Our tech is definitely useful for the developing world. And we get this question a lot. But right now our main target market is the United States, and close behind that are China and India. If you think about places like Flint, Michigan that had a massive lead scare, it’s things like that that we think could be avoided if our devices were in people’s hands. That problem would’ve been spotted way sooner and perhaps a lot of this could have been avoided. And you see it now with this new chemical called PFOS or PFOA which is popping up in drinking water around the world, particularly in the U.S. Teflon pan manufacturers and firefighting foam have this chemical and it’s everywhere and it’s a horrible chemical. Our devices detect it at 70 parts per trillion so we hope that we can help identify problem areas and we plan to offer a discount to those in potentially affected zip codes.


Q10. It sounds like people with Boil Water Advisories can benefit a lot from your device as well.

You are absolutely right. Today if there is bacteria in your water it takes 36 hours on average for the water utility to tell you that you should start boiling it before for drinking or cooking. With our device people will know much faster if their water is good to use or not. Many cases of boil water advisories are actually false alarms or precautions. If there’s a water main break or even a software glitch, the utility will issue a boil water advisory. Our devices can tell you how necessary these actually are. We also started tracking these boil water advisories because we discovered that no one in the US is tracking them, and there’s actually a handful of new advisories issued every day in different places around the country.  It’s startling. You can find the tool we made to do this at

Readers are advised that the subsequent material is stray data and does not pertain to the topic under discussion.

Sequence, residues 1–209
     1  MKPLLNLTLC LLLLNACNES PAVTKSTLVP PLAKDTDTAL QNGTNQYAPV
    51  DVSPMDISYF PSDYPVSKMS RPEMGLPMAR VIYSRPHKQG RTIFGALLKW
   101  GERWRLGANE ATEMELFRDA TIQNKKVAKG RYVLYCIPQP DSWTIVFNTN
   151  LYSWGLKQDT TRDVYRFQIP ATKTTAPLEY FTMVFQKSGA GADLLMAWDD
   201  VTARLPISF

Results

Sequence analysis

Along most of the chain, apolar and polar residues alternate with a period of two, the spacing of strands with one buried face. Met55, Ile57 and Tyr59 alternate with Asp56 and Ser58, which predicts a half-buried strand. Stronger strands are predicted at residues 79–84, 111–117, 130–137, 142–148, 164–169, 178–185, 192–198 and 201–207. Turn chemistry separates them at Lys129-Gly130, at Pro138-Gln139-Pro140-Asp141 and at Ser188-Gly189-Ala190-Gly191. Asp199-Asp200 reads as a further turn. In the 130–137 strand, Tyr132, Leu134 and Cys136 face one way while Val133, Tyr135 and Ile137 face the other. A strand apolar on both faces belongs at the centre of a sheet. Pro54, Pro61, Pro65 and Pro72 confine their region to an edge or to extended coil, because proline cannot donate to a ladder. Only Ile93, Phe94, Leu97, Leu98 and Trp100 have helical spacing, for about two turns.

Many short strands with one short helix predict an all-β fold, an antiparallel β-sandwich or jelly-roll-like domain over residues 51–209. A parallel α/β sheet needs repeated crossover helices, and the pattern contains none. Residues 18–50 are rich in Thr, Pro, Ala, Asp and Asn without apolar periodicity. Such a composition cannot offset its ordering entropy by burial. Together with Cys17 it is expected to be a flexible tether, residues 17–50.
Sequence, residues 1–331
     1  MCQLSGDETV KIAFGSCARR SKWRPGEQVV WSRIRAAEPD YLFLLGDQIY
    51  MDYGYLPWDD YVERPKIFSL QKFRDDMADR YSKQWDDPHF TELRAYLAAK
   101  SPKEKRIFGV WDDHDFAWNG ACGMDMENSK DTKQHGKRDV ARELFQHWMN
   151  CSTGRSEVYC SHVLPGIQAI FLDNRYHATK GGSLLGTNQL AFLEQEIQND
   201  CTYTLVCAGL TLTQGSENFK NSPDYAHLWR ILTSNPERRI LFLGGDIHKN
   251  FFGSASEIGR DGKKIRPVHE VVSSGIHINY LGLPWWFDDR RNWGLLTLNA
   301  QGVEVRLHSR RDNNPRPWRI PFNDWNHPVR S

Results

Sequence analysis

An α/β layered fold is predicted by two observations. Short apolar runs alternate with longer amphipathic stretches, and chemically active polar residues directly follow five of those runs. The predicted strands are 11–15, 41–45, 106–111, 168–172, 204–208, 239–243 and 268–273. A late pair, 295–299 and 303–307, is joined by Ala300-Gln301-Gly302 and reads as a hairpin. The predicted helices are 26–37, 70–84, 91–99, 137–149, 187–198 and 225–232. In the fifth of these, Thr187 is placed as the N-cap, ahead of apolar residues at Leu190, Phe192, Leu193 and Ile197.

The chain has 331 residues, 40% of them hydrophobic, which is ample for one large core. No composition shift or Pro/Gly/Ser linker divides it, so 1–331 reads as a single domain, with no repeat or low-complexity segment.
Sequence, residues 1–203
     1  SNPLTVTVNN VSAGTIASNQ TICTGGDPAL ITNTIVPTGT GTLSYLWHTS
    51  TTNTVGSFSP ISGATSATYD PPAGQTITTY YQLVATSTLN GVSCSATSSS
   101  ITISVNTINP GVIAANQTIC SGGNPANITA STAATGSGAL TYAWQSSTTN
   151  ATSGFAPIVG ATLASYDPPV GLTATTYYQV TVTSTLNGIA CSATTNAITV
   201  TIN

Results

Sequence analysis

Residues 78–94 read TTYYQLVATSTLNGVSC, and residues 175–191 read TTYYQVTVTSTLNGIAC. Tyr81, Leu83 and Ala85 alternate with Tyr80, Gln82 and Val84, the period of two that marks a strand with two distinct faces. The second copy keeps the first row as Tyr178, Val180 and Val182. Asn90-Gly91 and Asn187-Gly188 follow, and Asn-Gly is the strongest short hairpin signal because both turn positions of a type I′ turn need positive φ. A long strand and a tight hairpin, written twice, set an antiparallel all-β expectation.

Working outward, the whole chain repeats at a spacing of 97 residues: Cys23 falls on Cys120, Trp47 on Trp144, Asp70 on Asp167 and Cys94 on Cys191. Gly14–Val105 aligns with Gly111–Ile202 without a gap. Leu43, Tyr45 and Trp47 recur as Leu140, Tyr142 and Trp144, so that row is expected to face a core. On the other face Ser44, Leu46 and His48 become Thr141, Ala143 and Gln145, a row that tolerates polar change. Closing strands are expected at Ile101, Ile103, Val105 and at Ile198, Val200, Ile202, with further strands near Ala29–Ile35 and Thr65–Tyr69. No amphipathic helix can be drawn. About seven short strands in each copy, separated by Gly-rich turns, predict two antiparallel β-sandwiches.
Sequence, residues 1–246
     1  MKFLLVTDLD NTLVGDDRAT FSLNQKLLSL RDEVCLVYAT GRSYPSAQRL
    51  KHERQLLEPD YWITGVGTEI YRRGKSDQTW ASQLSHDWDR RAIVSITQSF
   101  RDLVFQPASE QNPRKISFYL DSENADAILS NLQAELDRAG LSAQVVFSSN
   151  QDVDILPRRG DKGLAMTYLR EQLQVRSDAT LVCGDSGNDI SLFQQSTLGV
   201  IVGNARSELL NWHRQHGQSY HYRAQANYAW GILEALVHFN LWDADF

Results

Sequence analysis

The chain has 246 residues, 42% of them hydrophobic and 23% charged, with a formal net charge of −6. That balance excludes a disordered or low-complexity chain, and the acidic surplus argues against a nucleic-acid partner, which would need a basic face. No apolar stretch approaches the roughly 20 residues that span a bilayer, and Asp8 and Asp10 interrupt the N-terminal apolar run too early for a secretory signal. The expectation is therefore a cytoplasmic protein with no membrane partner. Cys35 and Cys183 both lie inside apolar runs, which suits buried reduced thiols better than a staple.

Q11.  Sounds like there’s a lot of education that’s involved with this as well.

Oh certainly. Again, that’s part of what we’re trying to achieve. People have no idea about their water and it’s just so important. We want everybody to be aware of these issues and be conscious of what they’re putting in their bodies. And it truly affects everyone all over the world.

Q12. What’s in store for the future?

In the future we hope to release our more advanced devices., one of which we will be showing off at the Consumer Electronics Show in Las Vegas in January, so all are welcome to come check it out. But in the meantime, our mission is to get our devices into the hands of as many people as possible. The more data we collect the smarter our products and platform get, and with that critical mass we can really start to achieve some wins in the fight to improve water quality around the world. 

Read More ​Interviews from ​the 'In ​Conversation ​With' ​Series ​
by The Water Network